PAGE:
Overwhelmed by the city guide? Streamline your sightseeing with the help of this week’s mini travel series. We’ve put together three micro guides to three of Europe’s best-known urban destinations, starting with a fresh look at Ireland’s good-time capital.
Pan out on the city of Dublin and you could easily mark a literary map. The city is scribbled with the history of its writers, with its cobbled streets immortalised in the pages of James Joyce novels and Yeats poems, and the River Liffey flowing beneath bridges named after Sean O’Casey and Samuel Beckett. Trinity College stands as a living landmark to the scholars that have walked its passageways and taught in its lecture halls. Here you can take a peek at the ancient Book of Kells, which dates back to 800 AD. Any Joyce geek can visit No 7 Eccles Street, the fictional address of Leopold and Molly Bloom (Ulysses), and you can do a pub crawl of the classic dives that have welcomed centuries of literati, stopping off to pay homage at the statue of Oscar Wilde in Merrion Square.
Steer clear of the stags and tuck yourself away in the corner of a clandestine watering hole. The Blind Pig is a boutique pop-up cocktail bar channelling a candlelit speakeasy. Craftily, it appears once a month, each time in a new secret location that’s only revealed on Facebook and Twitter just hours beforehand. Nurse a pint of the black stuff at the Stag’s Head, a traditional pub near Trinity College where the wooden panelled walls and musty antique décor creates an old world, no-nonsense vibe (it’s rumoured that Tarantino was once refused a drink after hours here when he tried to pull rank). If you favour a classy and intimate location for your night-time revelry, The Cellar Bar at the Merrion Hotel is built within an 18th Century underground wine vault and tucks drinkers away in low-lit alcoves where the service is slick and a glass of champagne feels right.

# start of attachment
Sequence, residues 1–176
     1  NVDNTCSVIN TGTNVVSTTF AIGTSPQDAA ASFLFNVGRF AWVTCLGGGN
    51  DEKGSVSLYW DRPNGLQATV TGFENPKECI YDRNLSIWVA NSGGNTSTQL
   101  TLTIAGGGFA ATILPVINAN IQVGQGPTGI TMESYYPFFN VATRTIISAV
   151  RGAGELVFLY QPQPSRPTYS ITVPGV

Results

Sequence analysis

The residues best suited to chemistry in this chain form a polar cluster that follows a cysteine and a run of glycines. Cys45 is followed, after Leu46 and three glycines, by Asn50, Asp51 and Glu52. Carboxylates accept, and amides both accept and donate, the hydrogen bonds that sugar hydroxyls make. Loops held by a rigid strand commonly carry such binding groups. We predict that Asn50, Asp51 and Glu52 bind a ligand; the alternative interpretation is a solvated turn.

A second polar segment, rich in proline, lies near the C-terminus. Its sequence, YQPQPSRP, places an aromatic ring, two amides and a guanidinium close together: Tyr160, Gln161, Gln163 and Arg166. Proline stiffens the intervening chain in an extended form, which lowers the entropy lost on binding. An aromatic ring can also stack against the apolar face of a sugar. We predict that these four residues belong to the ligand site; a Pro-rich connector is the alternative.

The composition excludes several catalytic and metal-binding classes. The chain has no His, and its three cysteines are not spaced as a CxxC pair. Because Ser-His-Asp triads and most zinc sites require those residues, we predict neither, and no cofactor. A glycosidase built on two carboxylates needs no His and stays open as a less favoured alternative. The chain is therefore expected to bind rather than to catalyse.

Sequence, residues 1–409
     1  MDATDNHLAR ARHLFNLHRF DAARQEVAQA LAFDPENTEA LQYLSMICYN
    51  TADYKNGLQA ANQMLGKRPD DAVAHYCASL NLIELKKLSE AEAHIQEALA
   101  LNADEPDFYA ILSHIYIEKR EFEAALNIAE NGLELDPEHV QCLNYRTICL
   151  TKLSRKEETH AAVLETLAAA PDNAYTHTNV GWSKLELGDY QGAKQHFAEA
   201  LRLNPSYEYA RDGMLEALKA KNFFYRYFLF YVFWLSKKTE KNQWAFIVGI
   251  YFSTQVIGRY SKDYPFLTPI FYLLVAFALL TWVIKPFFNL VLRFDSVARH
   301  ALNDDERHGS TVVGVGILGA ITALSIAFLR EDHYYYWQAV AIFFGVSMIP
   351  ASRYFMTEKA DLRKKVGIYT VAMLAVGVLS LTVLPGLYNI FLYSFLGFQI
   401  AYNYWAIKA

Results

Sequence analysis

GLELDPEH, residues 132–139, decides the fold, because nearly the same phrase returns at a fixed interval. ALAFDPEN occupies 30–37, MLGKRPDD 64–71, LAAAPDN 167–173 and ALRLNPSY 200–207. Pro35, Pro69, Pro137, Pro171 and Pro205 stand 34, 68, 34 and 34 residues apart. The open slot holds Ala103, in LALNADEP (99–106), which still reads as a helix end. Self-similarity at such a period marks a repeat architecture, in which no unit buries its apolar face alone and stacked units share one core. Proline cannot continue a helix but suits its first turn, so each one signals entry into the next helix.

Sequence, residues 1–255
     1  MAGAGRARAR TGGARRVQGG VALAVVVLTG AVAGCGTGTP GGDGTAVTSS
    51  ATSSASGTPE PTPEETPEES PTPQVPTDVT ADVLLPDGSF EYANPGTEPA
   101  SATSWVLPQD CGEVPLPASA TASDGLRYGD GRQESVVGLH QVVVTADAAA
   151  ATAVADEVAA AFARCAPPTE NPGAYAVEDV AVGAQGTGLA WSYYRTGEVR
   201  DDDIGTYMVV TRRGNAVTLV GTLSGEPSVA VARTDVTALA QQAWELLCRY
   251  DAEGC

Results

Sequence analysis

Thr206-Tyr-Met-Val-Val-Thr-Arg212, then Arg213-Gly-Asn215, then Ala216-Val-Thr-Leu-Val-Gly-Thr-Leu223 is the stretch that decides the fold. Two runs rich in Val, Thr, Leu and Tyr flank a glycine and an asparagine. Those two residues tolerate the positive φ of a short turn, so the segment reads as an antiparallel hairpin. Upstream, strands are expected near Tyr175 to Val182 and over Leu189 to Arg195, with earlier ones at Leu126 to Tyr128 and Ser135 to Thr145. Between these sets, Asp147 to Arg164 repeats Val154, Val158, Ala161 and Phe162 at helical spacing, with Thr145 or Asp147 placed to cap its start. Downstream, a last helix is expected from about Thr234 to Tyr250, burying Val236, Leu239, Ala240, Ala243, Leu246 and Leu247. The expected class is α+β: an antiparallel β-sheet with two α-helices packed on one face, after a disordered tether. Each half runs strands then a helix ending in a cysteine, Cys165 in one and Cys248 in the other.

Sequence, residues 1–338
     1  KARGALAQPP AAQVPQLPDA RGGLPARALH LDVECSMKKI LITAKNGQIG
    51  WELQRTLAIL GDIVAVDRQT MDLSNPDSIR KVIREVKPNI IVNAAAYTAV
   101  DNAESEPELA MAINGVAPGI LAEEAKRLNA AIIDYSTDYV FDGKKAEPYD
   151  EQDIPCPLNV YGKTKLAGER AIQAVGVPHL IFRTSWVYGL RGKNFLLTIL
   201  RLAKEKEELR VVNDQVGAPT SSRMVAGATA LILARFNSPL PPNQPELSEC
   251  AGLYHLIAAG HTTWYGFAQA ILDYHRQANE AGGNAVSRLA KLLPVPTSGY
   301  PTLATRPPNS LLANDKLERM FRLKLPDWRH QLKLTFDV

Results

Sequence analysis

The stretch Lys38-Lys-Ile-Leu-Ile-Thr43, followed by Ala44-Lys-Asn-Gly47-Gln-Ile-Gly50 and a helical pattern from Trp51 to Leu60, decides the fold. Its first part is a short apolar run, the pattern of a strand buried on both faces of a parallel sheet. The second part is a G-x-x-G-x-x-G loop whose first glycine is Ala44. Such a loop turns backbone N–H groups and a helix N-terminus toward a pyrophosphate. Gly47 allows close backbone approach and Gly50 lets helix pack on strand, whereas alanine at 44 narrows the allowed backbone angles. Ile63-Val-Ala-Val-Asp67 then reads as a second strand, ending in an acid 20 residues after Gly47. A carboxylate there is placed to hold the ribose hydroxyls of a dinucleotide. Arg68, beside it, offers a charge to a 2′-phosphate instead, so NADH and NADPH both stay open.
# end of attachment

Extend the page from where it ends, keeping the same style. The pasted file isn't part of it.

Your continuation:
The Dublin that’s news to you
No visit to Dublin would be complete without the squiggle of a four-leaf clover on the head of a monochrome pint, but there is, of course, more to the place. Dance a jig – then plan a more alternative itinerary, pencilling in time for an upstairs-downstairs tour of Number Twenty Nine on Lower Fitzsimmons Street: an immaculately preserved Georgian address. Unique to the city is St Stephen’s Green, an expansive park with a sensory garden for the blind, featuring Braille and aromatic herbs. It would be hard to overlook Dublin’s individualist street style too; something you can buy into at the hip NYC-inspired fashion sale known as Loft Market, on William Street South.
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